Jackie Robinson took the civil right movement agreeably. This essay is about Jackie Robinson and the civil rights movement. He was a huge influence on black baseball players.
Jackie Robinson was the first African American to play Major League Baseball. He was drafted in 1947 by Branch Rickey, the GM of the former Brooklyn Dodgers. This essay is about Jackie Robinson and how the civil rights movement affected him during the 1940s. When the time approached for Branch Rickey, the general manager of the Dodgers, to sign Robinson, he had several difficult decisions to make. First, should he sign a black player? And if he did, what were the consequences? Second, did Robinson have the talent to play in the big leagues? But it was the last decision that was the most important, as it concerned Robinson's personal qualities. Was he tough enough in the best sense to confront the certain racial turmoil he would face? So, Rickey took his chance and signed him. In becoming the first black man to play in the major leagues, Robinson encountered racism in its vilest manifestationsracial taunts and slurs, insults on the playing field and off, character assassination, death threats, and anything else the wicked among us in mid-twentieth century America could throw at him. But despite the evil of such provocations he somehow found a way to rise above his tormentors, to literally turn the other cheek and demonstrate that however great his athletic skills, his qualities as a human being were infinitely greater. (Mitrovich) It was a tough time for Jackie. His dream was that no matter what the skin color was, all people good enough could play Major League Baseball. In college, Robinson was a four - sports star at UCLA, and some believe baseball was not his best sportbut in recognition of one's achievements as a human being. In becoming the first black man to play in the major leagues, Robinson encountered racism in its vilest manifestationsracial taunts and slurs,...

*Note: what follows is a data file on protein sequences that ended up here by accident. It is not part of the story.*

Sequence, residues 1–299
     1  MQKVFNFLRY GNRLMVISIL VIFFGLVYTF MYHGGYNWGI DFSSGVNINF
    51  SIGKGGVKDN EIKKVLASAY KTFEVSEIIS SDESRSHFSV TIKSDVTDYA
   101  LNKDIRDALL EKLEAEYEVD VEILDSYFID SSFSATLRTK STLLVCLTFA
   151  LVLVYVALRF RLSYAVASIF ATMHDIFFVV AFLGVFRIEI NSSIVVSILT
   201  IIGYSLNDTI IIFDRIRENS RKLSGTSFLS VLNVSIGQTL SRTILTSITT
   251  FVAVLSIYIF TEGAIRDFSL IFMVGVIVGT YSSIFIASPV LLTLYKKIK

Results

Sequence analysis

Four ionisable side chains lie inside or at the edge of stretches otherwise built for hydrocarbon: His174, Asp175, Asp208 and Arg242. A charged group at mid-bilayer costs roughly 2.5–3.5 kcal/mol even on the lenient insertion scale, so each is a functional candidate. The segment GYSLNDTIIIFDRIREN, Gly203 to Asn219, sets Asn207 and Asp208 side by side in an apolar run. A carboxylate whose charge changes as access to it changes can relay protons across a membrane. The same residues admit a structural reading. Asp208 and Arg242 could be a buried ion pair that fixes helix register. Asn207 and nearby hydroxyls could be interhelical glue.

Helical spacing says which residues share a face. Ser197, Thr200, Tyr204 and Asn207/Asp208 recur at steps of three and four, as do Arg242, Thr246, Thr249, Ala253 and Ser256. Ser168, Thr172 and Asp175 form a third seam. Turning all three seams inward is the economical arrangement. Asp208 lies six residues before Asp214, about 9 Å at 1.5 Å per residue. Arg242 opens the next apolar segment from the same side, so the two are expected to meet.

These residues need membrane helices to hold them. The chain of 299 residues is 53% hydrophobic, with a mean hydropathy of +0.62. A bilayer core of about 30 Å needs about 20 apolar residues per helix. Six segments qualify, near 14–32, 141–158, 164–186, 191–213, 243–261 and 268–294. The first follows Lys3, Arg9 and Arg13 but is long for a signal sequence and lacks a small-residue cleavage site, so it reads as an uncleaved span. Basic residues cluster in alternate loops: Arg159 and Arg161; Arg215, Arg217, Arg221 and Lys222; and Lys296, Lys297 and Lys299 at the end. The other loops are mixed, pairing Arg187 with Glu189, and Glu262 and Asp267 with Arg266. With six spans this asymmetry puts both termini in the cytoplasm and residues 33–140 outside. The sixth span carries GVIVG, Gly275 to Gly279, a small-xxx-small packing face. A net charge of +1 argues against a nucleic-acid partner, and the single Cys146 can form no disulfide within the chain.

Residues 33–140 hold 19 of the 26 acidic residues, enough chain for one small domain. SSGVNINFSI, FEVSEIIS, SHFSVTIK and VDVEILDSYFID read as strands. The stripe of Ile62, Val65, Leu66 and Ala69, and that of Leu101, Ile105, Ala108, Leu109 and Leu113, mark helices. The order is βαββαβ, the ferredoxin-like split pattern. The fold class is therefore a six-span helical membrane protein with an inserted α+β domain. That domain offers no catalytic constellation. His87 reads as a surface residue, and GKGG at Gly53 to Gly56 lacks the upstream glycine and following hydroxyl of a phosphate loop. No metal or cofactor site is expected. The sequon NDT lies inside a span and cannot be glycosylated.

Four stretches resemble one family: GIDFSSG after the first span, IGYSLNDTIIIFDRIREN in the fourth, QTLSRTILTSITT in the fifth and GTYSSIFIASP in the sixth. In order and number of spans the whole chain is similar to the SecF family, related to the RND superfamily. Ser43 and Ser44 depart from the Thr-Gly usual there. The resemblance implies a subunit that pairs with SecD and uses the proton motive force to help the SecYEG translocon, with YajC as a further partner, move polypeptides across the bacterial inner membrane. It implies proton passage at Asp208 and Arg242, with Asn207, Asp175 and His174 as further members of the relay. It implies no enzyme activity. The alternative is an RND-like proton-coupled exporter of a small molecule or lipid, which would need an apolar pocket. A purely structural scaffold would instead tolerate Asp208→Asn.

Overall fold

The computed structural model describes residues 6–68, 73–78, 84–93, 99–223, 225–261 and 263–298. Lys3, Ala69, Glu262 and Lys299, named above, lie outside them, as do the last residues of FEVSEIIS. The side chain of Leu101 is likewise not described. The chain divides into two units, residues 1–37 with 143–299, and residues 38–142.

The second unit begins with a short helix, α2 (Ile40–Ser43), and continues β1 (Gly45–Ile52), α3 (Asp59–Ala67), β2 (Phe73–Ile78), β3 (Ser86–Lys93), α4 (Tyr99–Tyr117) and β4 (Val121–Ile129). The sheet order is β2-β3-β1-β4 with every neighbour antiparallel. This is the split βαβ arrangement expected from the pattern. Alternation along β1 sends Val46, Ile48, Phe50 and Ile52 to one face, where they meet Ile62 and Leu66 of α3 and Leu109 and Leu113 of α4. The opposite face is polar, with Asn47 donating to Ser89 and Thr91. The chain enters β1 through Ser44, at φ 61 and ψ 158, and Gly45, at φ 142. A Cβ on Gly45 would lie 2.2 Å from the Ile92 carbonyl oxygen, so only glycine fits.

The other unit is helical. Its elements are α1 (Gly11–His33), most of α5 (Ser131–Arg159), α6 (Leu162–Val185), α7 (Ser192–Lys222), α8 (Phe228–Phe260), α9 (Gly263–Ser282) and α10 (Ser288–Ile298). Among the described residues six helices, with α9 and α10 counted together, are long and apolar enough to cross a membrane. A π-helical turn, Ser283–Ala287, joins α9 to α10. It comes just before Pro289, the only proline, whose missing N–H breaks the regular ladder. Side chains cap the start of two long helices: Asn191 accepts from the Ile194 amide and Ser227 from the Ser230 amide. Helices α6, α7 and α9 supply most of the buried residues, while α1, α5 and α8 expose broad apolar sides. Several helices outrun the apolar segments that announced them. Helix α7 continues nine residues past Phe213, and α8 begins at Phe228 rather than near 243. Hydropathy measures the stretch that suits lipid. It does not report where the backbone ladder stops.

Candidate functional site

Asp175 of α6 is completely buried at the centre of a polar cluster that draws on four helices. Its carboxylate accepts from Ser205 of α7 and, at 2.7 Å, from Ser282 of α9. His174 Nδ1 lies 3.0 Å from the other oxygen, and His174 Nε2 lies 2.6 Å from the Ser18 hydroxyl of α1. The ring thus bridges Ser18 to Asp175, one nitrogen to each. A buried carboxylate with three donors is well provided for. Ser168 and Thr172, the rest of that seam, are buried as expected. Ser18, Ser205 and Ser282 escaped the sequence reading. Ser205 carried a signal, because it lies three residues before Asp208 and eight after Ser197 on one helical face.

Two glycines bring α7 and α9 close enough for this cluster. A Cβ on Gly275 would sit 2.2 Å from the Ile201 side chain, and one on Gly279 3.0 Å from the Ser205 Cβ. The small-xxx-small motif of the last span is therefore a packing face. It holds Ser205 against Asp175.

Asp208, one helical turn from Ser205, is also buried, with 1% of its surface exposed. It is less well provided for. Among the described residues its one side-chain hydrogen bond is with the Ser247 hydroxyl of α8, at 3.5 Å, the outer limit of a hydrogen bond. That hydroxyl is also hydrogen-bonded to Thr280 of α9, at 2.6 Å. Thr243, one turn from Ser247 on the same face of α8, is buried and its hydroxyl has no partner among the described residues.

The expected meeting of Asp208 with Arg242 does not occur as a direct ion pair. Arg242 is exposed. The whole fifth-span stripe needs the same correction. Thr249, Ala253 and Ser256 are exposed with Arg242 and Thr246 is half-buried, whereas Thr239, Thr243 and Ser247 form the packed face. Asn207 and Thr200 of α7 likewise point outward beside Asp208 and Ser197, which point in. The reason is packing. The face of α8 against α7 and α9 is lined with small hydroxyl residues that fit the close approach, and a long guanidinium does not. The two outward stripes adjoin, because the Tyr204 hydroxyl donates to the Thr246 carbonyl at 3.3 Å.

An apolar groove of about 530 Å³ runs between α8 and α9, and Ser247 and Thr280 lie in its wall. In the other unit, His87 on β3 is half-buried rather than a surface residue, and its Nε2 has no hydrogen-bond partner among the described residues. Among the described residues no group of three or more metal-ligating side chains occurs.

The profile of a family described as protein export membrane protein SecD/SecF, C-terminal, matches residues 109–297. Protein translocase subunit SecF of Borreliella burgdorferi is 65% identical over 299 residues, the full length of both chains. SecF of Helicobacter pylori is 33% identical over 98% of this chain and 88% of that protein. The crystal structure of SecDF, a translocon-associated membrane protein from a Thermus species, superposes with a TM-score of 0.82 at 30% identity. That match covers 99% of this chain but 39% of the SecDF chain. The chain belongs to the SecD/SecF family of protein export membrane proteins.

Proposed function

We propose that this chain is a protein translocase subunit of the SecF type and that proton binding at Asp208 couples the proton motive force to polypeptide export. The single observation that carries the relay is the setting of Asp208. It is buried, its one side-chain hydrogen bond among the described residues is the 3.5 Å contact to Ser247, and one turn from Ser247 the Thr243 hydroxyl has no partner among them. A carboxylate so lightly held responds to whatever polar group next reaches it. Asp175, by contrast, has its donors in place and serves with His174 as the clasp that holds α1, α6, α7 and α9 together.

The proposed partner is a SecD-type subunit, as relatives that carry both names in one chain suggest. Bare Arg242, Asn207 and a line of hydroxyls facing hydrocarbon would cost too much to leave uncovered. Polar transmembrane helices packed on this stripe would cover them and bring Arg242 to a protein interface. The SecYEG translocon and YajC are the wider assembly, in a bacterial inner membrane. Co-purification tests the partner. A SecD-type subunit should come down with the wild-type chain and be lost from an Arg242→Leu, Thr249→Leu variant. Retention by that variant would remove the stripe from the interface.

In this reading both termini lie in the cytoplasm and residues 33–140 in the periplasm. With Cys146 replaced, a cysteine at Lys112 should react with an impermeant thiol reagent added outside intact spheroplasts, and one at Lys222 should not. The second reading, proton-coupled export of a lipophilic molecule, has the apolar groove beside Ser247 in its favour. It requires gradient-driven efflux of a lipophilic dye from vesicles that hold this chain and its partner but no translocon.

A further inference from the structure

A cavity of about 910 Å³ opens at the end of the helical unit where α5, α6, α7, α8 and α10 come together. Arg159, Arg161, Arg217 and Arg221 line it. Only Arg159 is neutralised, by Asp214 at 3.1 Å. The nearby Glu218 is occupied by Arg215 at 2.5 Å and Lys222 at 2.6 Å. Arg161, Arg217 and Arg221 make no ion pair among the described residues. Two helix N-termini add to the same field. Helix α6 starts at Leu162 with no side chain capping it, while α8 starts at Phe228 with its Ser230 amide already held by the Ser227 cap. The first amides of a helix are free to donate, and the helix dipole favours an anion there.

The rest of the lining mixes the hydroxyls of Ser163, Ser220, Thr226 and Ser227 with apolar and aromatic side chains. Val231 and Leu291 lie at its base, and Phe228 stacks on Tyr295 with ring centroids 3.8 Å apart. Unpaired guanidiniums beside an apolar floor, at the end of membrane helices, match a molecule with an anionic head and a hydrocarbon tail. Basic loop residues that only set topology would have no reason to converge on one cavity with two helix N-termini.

Please join StudyMode to read the full document